A tragic legacy
How a good vs. evil mentality destroyed the Bush presidency.
Editor's note: The following is an excerpt from "A Tragic Legacy: How a Good vs. Evil Mentality Destroyed the Bush Presidency," which will be published June 26. To read Greenwald's response to letters about this excerpt, visit his blog.
By Glenn Greenwald
Salon image collage / Reuters photo
June 20, 2007 | We all remember how many religious wars were fought for a religion of love and gentleness; how many bodies were burned alive with the genuinely kind intention of saving souls from the eternal fire of hell.
-- Sir Karl Popper, twentieth-century British philosopher of science
One of the principal dangers of vesting power in a leader who is convinced of his own righteousness -- who believes that, by virtue of his ascension to political power, he has been called to a crusade against Evil -- is that the moral imperative driving the mission will justify any and all means used to achieve it. Those who have become convinced that they are waging an epic and all-consuming existential war against Evil cannot, by the very premises of their belief system, accept any limitations -- moral, pragmatic, or otherwise -- on the methods adopted to triumph in this battle.
Efforts to impose limits on waging war against Evil will themselves be seen as impediments to Good, if not as an attempt to aid and abet Evil. In a Manichean worldview, there is no imperative that can compete with the mission of defeating Evil. The primacy of that mandate is unchallengeable. Hence, there are no valid reasons for declaring off-limits any weapons that can be deployed in service of the war against Evil.
Equally operative in the Manichean worldview is the principle that those who are warriors for a universal Good cannot recognize that the particular means they employ in service of their mission may be immoral or even misguided. The very fact that the instruments they embrace are employed in service of their Manichean mission renders any such objections incoherent. How can an act undertaken in order to strengthen the side of Good, and to weaken the forces of Evil, ever be anything other than Good in itself? Thus, any act undertaken by a warrior of Good in service of the war against Evil is inherently moral for that reason alone.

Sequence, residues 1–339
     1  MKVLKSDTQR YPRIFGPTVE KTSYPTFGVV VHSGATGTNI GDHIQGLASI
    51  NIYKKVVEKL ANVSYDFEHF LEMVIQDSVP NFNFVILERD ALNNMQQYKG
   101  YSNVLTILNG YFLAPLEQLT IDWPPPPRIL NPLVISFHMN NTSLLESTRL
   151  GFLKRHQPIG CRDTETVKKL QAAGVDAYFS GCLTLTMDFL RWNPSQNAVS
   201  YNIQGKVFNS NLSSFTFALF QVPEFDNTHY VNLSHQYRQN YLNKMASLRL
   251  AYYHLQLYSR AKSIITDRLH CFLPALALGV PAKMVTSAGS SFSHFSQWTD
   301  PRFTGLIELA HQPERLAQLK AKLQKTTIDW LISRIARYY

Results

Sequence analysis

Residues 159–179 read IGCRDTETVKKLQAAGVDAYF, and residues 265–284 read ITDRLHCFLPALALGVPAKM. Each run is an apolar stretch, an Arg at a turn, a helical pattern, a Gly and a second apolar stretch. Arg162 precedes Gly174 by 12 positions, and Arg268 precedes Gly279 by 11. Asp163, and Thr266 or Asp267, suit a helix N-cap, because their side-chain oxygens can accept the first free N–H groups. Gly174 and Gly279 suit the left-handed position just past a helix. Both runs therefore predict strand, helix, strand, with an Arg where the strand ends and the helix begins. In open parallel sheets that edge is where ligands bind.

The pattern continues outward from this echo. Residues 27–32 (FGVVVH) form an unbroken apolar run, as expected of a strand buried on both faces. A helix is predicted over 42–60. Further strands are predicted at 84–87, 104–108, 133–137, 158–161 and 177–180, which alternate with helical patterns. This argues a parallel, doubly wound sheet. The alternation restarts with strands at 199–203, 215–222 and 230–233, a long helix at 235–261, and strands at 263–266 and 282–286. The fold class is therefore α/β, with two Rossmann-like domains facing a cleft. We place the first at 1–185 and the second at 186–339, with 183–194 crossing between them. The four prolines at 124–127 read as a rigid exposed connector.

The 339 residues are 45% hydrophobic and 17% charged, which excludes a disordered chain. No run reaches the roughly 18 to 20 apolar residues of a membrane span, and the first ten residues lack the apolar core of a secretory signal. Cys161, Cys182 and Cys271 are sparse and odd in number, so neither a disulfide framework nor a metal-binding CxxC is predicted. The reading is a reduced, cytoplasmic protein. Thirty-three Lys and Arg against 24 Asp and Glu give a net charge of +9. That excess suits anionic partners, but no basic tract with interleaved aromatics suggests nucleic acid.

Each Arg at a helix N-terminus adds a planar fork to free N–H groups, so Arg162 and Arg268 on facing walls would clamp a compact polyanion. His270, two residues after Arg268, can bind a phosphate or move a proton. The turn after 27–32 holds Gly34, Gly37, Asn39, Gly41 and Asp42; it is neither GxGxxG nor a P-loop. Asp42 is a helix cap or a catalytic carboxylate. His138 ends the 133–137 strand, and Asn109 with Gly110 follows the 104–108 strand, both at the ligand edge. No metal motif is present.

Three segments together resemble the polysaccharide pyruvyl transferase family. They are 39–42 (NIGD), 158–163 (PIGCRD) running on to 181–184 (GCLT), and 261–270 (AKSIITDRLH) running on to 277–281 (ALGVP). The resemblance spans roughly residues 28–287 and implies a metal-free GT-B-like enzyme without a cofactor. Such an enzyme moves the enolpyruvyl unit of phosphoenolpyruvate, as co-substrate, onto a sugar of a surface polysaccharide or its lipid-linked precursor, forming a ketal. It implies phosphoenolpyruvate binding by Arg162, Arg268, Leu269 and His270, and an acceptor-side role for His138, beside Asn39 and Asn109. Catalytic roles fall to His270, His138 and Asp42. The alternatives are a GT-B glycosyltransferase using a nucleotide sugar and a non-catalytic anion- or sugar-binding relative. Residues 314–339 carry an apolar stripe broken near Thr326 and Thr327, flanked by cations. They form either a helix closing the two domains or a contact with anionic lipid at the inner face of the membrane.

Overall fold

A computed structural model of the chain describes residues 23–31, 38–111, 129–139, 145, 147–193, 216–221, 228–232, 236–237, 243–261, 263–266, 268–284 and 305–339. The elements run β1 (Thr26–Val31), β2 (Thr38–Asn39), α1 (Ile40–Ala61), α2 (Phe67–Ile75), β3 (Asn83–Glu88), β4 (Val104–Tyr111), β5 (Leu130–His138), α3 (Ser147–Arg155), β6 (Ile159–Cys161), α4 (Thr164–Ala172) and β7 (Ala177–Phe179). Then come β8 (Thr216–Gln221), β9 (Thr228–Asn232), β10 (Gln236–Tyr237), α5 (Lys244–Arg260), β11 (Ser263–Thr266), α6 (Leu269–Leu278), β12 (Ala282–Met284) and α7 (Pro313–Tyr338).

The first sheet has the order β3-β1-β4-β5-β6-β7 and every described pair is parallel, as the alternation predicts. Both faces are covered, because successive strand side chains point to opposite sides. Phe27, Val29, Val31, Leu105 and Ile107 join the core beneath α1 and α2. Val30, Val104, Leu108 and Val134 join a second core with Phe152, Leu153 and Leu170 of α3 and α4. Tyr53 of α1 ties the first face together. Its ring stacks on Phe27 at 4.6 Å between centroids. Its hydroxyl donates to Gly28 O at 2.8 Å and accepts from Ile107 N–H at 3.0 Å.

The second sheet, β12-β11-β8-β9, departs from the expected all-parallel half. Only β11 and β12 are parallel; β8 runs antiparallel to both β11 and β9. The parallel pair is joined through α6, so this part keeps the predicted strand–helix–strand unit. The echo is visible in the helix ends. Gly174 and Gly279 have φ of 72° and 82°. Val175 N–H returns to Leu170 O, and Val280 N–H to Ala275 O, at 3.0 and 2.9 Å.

It is from these premises that the most amoral or even most reprehensible outcomes can be -- and often are -- produced by political movements and political leaders grounded in universal moral certainties. Intoxicated by his own righteousness and therefore immune from doubt, the Manichean warrior becomes capable of acts of moral monstrousness that would be unthinkable in the absence of such unquestionable moral conviction. One who believes himself to be leading a supreme war against Evil on behalf of Good will be incapable of understanding any claims that he himself is acting immorally.
These principles illuminate a central, and tragic, paradox at the heart of the Bush presidency. The president who vowed to lead America in a moral crusade to win hearts and minds around the world has so inflamed anti-American sentiment that America's moral standing in the world is at an all-time low. The president who vowed to defend the Good in the world from the forces of Evil has caused the United States to be held in deep contempt by large segments of virtually every country on every continent of the world, including large portions of nations with which the U.S. has historically been allied. The president who vowed to undertake a war in defense of American values and freedoms has presided over such radical departures from the defining values and liberties of this country that many Americans find their country and its government unrecognizable. And the president who vowed to lead the war for freedom and democracy has made torture, rendition, abductions, lawless detentions of even our own citizens, secret "black site" prisons, Abu Ghraib dog leashes, and orange Guantánamo jumpsuits the strange, new symbols of America around the world.